How politicians killed farmers
Thousands of debt-related suicides have followed a govt decision taken 10 years agoindia Updated: Jan 23, 2006 02:24 IST
When Laxman Adhao set himself on fire at the Amravati District Collectorate on January 20, his death became the latest in the series of suicides committed by debt-hit farmers in the state. It was typical of that of farmer after farmer who preferred death to moneylenders’ harassment.
But is the Maharashtra government, which publicly laments the situation, itself responsible for the over 3,000 suicides by farmers in the last 10 years?
Successive state governments have blamed the suicides on private moneylenders. But, it seems, that it was the withdrawal of a bank guarantee by the government in 1996 that drove farmers to moneylenders in the first place.
Way back in 1935, the British set up land development banks (LDBs) that loaned money to farmers at fair rates and stymied private lending. In Maharashtra, the Maharashtra State Cooperative Agriculture Rural and Multipurpose Development Bank (MASCARDB) offered long-term credit, while district LDBs (funded by MASCARDB) offered short- and medium-term credit. MASCARDB has 20 lakh farmer members, hence controlling it automatically results in political control over a large rural votebank.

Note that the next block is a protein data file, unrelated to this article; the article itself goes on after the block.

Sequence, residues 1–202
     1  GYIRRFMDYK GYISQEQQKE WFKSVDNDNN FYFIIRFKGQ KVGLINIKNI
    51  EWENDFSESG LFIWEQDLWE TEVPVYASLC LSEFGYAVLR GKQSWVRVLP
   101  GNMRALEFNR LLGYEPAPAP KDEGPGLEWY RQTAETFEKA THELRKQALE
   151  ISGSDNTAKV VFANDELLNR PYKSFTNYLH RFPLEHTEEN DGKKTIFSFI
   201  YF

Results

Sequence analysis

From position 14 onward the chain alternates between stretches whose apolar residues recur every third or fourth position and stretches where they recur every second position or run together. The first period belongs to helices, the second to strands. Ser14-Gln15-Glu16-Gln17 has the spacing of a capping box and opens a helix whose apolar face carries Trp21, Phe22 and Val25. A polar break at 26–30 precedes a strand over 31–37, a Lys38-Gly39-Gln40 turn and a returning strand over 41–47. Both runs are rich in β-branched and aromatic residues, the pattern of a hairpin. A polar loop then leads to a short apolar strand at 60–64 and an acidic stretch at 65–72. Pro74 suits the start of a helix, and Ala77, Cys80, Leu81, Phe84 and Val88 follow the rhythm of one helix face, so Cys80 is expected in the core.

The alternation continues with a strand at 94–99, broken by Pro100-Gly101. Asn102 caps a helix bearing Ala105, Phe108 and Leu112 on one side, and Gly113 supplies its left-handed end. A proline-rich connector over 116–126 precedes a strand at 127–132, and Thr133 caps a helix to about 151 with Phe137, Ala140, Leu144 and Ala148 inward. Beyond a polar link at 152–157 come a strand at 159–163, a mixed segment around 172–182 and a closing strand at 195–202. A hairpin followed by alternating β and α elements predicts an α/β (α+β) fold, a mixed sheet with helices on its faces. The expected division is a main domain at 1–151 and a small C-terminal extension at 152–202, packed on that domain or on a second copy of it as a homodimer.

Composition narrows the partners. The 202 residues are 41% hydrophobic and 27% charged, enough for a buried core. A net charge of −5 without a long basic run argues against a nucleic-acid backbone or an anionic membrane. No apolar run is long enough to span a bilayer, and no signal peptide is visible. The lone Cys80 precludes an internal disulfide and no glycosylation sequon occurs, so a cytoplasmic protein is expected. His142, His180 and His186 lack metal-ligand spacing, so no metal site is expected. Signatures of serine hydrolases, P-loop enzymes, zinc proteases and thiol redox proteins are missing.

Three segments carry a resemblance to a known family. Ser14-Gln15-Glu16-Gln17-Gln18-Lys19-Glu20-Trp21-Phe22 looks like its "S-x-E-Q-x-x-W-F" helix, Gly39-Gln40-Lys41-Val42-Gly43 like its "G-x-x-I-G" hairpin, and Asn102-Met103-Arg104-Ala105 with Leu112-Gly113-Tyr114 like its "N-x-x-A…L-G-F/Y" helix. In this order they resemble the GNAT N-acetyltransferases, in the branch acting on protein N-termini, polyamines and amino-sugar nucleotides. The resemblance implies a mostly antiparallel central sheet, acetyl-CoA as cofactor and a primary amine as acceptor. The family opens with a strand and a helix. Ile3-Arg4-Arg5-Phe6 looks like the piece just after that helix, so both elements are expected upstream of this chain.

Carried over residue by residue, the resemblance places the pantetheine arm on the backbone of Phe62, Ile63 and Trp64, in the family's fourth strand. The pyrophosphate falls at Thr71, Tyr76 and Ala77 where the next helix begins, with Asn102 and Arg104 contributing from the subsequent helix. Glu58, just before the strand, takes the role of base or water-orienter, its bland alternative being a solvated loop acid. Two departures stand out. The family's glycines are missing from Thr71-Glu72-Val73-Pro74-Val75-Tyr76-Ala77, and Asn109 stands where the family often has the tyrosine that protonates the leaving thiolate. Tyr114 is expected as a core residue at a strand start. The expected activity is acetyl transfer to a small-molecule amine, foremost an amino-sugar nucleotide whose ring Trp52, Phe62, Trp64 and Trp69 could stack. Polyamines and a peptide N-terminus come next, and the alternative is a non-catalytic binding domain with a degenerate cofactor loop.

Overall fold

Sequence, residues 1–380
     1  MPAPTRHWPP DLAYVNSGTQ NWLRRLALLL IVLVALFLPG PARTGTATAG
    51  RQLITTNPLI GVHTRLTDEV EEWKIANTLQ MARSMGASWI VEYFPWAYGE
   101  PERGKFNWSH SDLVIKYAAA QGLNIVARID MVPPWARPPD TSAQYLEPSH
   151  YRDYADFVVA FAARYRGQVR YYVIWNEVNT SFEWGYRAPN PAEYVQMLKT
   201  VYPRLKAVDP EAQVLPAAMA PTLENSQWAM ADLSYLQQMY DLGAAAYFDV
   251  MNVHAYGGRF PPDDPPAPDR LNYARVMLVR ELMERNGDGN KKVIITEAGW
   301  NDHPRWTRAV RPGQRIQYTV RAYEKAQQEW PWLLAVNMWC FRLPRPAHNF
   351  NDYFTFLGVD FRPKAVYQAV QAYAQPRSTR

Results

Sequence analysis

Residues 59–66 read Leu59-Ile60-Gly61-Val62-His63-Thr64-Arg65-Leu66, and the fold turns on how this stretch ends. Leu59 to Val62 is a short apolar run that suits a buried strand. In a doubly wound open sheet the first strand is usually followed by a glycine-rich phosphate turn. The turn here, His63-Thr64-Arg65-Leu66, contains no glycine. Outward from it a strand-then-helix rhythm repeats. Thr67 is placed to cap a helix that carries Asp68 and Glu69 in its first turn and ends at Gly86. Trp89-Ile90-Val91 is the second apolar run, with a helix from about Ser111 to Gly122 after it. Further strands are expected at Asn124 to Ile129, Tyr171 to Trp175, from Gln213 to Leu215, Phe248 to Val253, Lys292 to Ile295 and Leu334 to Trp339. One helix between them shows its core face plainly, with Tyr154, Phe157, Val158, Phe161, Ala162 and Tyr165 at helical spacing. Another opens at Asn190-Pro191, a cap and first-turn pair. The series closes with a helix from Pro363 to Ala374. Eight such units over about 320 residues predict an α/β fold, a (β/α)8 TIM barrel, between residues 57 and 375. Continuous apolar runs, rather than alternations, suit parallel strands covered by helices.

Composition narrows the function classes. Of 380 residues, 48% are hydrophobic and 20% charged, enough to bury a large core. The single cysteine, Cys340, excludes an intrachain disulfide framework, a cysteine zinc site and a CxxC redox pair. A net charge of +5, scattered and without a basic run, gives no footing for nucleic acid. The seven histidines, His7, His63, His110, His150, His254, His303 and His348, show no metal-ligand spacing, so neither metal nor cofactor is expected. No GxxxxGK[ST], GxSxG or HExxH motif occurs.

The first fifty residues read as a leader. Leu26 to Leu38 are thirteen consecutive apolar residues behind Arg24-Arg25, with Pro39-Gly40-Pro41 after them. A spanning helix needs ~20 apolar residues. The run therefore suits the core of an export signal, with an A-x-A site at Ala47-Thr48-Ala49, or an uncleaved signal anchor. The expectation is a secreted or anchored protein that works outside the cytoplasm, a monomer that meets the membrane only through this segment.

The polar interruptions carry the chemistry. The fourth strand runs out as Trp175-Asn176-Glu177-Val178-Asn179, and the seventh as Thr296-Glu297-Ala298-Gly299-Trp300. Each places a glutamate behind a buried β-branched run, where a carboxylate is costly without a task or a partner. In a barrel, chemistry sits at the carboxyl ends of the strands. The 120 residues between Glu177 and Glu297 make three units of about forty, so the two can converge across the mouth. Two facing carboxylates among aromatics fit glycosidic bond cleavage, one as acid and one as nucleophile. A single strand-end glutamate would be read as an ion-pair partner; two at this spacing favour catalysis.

MASCARDB had been lending up to Rs 200 crore until 1996-97. Of this, up to Rs 190 crore came from National Bank for Agriculture and Rural Development (NABARD) under a state government guarantee. Till the guarantee existed, MASCARDB remained well funded by NABARD and there were no suicides. The farmers fared well with organised loans at 7 to 13 per cent interest over 15-year periods.
But in 1996, the Manohar Joshi government decided to block the guarantee, turning off NABARD funding. By November 2002, MASCARDB ran out of resources and was set up for liquidation.
Journalist Madhu Akotkar, who filed a PIL against the government in December 2002, alleges a political vendetta. According to him, the Joshi government let the bank bleed after failing to get political control over it.
Farmer suicides were first recorded in 1997 and have continued unabated since then. While the government admits to over 1,000 suicides, Prof. Ajay Dandekar, formerly with Tata Institute of Social Science, who did a study for the Mumbai High Court in March 2005, pegs the number at over 3,000.
It is significant that the highest suicide rates are recorded in districts where LDBs are up for liquidation or are doing badly.
Says N.D. Patil, founder of the Peasants and Workers Party that supported the Congress-NCP government of 1999, “The Joshi government may have had a financial crunch.” But why did subsequent governments not do anything? “Negligence, probably.”
In April 2004, the new Central Government declared that agriculture was it focus and gave NABARD Rs 39,000 crore to disburse. MASCARDB could have got a lion’s share, but lack of a state government guarantee to NABARD means that it can give the state’s farmers nothing.
Patil says that the present government is “looking at reversing the decision (to withdraw the guarantee).” But with farmer suicides rising fast, no action can come fast enough.